Taking a Stand on Shorts
No mere calling card or stepping stone, the short film is enjoying a renaissance
The cinematic art form and the communal act we now collectively call "going to the movies" was born of short films. From Georges Méliès' magical 1902 moon shot to Charles Chaplin's uneasy, queasy "The Immigrant," from Chuck Jones' Wile E. Coyote plummeting to Kenneth Anger's "Scorpio Rising," the short film is, was, and will forever be the first, best skeleton key to unlocking the celluloid treasure chest that has mesmerized us since Muybridge's mare galloped, four hooves flying, at 24 frames per second.
The great irony, of course, is that contemporary short films lead depressingly diminished life spans. Once seen, the calculatedly cavalier choreography of Chaplin's "The Rink" cannot be forgotten, nor can the eye-popping opening of Dalí and Buñuel's shaggy, Andalusian dog story. These brief, beautiful reels of wonder are part of the canon and the culture. They're the historical exception to the more modern maxim that today's short films – documentary, narrative, even animated – have little if any audience beyond festivals, other filmmakers, and the occasional cinephilecentric DVD collection. Too often they're viewed (and just as frequently presented) as calling cards or demo reels, proof that the filmmaker knows his craft.
More recently, however, a new vanguard of masters of the short form have emerged, thrillingly: Spike Jonze, Ramin Bahrani, and Michel Gondry among them. All three have previously screened shorts at South by Southwest, and Jonze returns this year with the locally shot "Scenes From the Suburbs," a companion film to Arcade Fire's last album, screening in the Medium Cool: 4 (not so) Shorts sidebar – just one offering out of more than 100 short-form options at this year's Fest.
Dallas filmmaker David Lowery's SXSW 2011 entry, "Pioneer," which stars Will Oldham and screens in the Narrative Shorts 1 program, is a perfect example of what can be achieved in short order. It's a flawless, two-character meditation on fathers, sons, and the simple act of storytelling that underscores the point that longer does not equate better.
"Short films offer you a chance to experiment and push boundaries a little more than you might be able to in a feature," Lowery says. "There are certain freedoms that come with making a short film. Personally, as a filmmaker, I don't differentiate between which is more important to me, the short film or the feature. Some stories demand a longer running time, and others work perfectly in 15 minutes. [In the past] I've called my short films 'short features,' because they were, like, casual asides. They're films in their own right, and so I want people to see them just as much as any of my other, longer films."
Former Austin filmmaker (and occasional Chronicle contributor) Spencer Parsons, whose evocatively titled "Chainsaw Found Jesus" – screening in Texas Shorts – is a wonderfully weird model of the form, concurs:
"I'm really proud of my feature-length work, but there's something about being in that feature frame of mind that's much more tense; there's more worry and urgency involved. You're more focused on pleasing at any cost, you know?
"Narrative and documentary short-form projects – as opposed to the avant-garde – allow for a kind of focus on certain moments and nuanced details that don't then necessarily have to carry audience attention for longer but nevertheless are important things to recognize."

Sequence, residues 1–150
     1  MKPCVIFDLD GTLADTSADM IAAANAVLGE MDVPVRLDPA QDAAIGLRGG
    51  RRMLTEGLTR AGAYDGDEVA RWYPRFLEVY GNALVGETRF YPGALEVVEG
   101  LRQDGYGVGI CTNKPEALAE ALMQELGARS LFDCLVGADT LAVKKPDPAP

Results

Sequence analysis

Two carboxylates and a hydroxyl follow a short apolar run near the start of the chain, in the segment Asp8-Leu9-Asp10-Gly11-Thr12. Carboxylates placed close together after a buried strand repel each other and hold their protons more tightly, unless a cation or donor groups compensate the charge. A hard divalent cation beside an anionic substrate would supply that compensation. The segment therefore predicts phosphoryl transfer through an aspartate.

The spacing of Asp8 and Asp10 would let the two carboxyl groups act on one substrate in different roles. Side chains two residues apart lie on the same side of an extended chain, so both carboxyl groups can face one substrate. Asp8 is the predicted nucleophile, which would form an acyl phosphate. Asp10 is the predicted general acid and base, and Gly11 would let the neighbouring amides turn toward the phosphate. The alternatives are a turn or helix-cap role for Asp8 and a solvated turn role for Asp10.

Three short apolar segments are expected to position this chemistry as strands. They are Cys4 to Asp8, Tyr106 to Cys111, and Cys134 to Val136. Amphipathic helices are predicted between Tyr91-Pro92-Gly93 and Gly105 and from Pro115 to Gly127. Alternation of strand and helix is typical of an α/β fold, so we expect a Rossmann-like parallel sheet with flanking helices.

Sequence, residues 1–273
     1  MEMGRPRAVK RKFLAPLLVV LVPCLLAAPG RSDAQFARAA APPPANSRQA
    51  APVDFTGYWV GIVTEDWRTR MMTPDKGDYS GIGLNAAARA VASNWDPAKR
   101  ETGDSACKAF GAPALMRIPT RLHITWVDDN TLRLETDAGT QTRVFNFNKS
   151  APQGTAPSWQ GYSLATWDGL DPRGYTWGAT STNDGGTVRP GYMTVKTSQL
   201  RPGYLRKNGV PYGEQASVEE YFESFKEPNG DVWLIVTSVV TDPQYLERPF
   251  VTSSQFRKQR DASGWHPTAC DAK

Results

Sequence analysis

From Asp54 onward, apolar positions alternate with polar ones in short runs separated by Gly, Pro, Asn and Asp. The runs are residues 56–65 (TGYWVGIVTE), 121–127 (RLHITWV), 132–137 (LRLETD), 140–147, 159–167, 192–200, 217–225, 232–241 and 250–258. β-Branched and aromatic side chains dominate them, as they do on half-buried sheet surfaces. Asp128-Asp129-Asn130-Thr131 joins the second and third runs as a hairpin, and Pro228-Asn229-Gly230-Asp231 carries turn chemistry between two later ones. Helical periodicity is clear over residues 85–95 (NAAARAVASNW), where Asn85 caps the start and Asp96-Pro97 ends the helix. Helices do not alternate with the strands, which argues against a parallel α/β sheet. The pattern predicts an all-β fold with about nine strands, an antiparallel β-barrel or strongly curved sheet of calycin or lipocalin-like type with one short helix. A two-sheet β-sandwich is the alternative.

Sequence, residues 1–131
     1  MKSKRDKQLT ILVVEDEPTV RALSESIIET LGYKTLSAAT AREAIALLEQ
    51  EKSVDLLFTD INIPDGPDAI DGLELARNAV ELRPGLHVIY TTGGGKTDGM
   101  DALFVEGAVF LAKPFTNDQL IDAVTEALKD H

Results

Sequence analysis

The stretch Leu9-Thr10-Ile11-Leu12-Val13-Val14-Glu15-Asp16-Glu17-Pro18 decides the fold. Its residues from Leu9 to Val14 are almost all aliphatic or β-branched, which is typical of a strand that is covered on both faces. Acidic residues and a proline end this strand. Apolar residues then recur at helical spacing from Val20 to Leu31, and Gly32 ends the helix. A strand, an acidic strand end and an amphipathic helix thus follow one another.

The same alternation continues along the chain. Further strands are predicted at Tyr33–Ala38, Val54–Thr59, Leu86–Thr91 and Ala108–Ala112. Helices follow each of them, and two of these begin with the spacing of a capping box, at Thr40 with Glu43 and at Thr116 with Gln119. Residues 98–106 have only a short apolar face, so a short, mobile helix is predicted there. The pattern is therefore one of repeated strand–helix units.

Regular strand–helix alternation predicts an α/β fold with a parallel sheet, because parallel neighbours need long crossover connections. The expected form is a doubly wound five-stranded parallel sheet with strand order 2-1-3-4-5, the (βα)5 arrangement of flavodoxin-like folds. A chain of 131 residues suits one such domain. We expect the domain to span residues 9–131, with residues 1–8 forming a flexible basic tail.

Enter the Internet, Vimeo, YouTube, iTunes, and assorted other online venues. Will they turn out to be the savior of the festival-orphaned short film?
"I can only speak for myself and my own viewing habits," Parsons notes, "but I know that in general my tastes run to maybe seven minutes, at the outer limits, of what I'm looking at online. I tend to assume that I have a higher attention span than most people, and if my limit is seven minutes, then for most people you've got to have something that really shows well in under that amount of time. I could be wrong, but I'm skeptical in the sense that [I wonder]: Is shorter better? That's something that we're still figuring out. How do you promote and how do you sustain making the work? That's really the big question."
Or as Lowery, whose "Pioneer" really does feel tailor-made for online viewing, puts it: "[Vimeo and the Web] have definitely changed everything. In a way it's the perfect medium for short films, and it's almost as though short films were waiting for this to happen. For so long you would hear about the shorts that were nominated for Academy Awards, but you had no way to actually see them. And now, more often than not, you can find them on iTunes relatively quickly after you first hear of them. No doubt, [the Web] has greatly expanded the life of these types of films that may not have the commercial value [of feature-length films]. I'm never too precious about where people see my films; I just really want my films to be seen."
Friday, March 11, 6:30pm, Rollins
Tuesday, March 15, 1:30pm, Rollins
Saturday, March 19, 5pm, Alamo Lamar C
Narrative Shorts 1
Saturday, March 12, 11am, Alamo Lamar A
Tuesday, March 15, 3:30pm, Alamo Ritz 2
Wednesday, March 16, 11am, Alamo Lamar A
Medium Cool: 4 (not so) Shorts
Monday, March 14, 1:30pm, Alamo Lamar A
Wednesday, March 16, 4pm, Arbor
Thursday, March 17, 5:30pm, Alamo Ritz 1
Saturday, March 19, 3:30pm, Alamo Ritz 1
Dan Solomon, Fri., Oct. 19, 2012
Robert Faires, Fri., March 15, 2013
Andy Campbell, Fri., March 15, 2013
Joe O'Connell, Fri., March 15, 2013
Amy Smith, Fri., March 15, 2013
Dan Solomon, Fri., March 15, 2013
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